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Civil War History: Historians' Forum

Historians’ Forum

Aug 8th, 2011

How important do you think the battle ultimately was to the war’s outcome?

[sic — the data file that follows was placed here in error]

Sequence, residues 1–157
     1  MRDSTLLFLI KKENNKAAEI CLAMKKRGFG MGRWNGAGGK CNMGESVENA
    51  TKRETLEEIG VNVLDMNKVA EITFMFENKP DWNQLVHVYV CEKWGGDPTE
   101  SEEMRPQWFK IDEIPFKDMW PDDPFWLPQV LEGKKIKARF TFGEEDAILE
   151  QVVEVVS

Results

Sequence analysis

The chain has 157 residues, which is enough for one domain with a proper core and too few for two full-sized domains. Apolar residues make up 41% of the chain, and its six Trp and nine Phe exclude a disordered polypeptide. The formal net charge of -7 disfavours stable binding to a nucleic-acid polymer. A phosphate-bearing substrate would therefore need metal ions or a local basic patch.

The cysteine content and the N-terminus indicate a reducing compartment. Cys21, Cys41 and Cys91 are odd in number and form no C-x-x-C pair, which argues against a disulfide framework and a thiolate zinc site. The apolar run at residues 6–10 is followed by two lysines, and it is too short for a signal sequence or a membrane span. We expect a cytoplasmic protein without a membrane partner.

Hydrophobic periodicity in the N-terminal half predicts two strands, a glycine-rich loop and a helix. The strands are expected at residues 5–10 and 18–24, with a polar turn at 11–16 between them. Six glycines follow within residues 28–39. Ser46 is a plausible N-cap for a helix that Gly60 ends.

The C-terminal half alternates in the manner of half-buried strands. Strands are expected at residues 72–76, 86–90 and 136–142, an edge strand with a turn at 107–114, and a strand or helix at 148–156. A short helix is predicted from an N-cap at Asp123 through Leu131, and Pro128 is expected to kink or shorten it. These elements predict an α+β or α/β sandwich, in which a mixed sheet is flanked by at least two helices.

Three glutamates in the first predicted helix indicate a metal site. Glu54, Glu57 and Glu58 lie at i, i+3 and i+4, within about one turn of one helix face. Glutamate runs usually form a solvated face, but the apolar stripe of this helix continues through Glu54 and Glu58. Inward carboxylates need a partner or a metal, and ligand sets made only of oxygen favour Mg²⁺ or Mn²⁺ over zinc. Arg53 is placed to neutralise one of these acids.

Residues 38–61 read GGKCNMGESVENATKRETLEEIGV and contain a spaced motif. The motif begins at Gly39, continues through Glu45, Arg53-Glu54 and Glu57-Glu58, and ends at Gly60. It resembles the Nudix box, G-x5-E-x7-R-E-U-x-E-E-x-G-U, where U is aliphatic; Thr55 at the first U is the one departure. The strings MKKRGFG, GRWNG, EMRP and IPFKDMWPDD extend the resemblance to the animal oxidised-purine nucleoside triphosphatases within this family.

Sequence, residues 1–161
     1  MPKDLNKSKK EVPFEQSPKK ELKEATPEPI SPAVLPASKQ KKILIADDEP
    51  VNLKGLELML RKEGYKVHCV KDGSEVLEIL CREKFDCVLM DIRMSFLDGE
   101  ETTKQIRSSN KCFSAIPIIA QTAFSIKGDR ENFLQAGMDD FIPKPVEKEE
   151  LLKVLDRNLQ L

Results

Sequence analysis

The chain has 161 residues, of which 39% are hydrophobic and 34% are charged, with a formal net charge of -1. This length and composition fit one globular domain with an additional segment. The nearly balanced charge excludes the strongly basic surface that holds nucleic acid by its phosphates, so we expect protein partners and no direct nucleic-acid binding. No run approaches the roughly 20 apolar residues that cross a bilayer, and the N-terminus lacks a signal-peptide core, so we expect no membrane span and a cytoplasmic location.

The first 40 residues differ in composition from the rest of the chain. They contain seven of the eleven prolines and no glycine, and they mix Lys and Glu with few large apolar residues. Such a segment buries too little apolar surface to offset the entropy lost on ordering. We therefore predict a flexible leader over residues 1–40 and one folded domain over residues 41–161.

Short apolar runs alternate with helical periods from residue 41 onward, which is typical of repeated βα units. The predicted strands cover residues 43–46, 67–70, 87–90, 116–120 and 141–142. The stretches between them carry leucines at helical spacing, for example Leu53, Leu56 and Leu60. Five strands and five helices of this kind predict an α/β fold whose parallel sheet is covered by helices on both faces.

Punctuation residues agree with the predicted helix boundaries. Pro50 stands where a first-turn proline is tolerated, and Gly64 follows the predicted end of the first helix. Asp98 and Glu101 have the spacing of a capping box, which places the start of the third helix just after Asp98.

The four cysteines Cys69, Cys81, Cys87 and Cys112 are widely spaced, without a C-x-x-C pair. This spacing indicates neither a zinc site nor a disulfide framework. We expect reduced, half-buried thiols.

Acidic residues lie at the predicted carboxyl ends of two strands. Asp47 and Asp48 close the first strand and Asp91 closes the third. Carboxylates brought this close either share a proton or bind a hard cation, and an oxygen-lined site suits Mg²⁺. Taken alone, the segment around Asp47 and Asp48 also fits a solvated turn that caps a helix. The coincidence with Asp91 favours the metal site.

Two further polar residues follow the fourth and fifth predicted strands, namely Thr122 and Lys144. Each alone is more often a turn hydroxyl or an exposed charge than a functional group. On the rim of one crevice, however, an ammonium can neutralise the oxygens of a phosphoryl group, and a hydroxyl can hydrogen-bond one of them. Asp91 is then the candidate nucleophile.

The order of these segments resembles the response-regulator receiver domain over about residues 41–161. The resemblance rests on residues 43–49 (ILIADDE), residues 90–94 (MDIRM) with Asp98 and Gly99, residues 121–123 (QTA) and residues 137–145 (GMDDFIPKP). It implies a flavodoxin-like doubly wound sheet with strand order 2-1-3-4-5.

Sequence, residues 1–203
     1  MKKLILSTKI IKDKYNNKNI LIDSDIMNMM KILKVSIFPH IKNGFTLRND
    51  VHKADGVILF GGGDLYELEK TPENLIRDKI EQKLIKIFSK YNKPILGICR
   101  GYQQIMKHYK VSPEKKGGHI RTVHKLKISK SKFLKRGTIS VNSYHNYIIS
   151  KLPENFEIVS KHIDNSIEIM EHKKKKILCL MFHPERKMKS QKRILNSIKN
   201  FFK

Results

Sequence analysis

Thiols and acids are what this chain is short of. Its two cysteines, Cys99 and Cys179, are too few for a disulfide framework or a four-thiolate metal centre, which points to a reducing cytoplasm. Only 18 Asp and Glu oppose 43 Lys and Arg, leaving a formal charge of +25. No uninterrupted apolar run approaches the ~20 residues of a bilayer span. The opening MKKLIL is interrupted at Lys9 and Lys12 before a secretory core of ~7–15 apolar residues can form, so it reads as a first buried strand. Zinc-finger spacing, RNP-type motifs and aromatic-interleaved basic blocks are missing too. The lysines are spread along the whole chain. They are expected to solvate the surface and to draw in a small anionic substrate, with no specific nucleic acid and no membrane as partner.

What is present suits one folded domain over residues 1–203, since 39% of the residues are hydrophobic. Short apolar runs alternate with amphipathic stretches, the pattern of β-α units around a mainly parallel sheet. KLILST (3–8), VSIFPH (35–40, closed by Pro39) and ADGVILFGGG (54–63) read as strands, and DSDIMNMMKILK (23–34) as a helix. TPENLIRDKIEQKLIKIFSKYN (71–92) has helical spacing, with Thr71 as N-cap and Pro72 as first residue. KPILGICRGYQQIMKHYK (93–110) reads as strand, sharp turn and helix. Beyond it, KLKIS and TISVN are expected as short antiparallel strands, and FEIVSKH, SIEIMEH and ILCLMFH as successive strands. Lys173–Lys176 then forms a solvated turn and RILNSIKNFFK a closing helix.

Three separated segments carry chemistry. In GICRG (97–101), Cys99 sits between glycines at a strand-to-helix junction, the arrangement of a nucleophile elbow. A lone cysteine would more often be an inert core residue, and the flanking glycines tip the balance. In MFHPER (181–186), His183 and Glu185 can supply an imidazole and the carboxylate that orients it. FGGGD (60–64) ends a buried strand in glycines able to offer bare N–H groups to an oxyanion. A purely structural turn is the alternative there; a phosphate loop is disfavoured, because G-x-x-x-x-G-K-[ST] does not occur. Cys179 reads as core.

ER: The North won the war because the Civil War was ultimately a conventional war of exhaustion, it had greater resources and the will and judgment to apply them with sufficient effectiveness to eventually convince the South that submission to the Union was preferable to military struggle.  It is hard to see how what happened at Bull Run materially affected either the North’s will or ability to continue the conventional contest.  Still, the battle did have an effect on the course of the war, which invariably influenced its outcome.  This comes out especially clear if one contemplates the consequences of a Union victory in July 1861. Much of course would depend on the scale of the victory.  Would the first major battle between the Federals and Confederates end with Southern forces merely falling back from Henry Hill to Manassas Junction, giving up the Bull Run line altogether, or with their army completely annihilated?  (This by no means exhausts the list of possible contingencies.) But, presuming it had been a truly decisive one, would a Federal victory at Manassas have been sufficient to induce the South to give up its bid for independence?  There was, after all, still a considerable distance for Federal troops to cover before they reached Richmond and the peculiarities of Virginia’s geography and transportation network would have given the Confederates plenty of opportunities to rally and put up renewed resistance. Moreover, presuming Confederate morale remained strong enough to continue the fight, would it have been conventional resistance?  In his recent book on guerrillas in the Civil War, Daniel Sutherland has found considerable evidence of enthusiasm in the Confederacy for conducting irregular resistance.  Would defeat at First Manassas, coming on the heels of defeats in Missouri and western Virginia, have discredited the advocates of conventional resistance, strengthened those calling for a more irregular contest, and produced a far different conflict after July 1861?  As history has shown repeatedly, the aftermath of wars that are quickly decided conventionally can be exceedingly troublesome.  A different war would have invariably produced a different outcome.  What that would have been and how it would have been different from what it was are, of course, questions that are impossible to answer with any degree of certitude.  But it can make for an interesting intellectual exercise that encourages consideration of the context in which the campaign took place and broader questions about the Confederacy and its war for independence.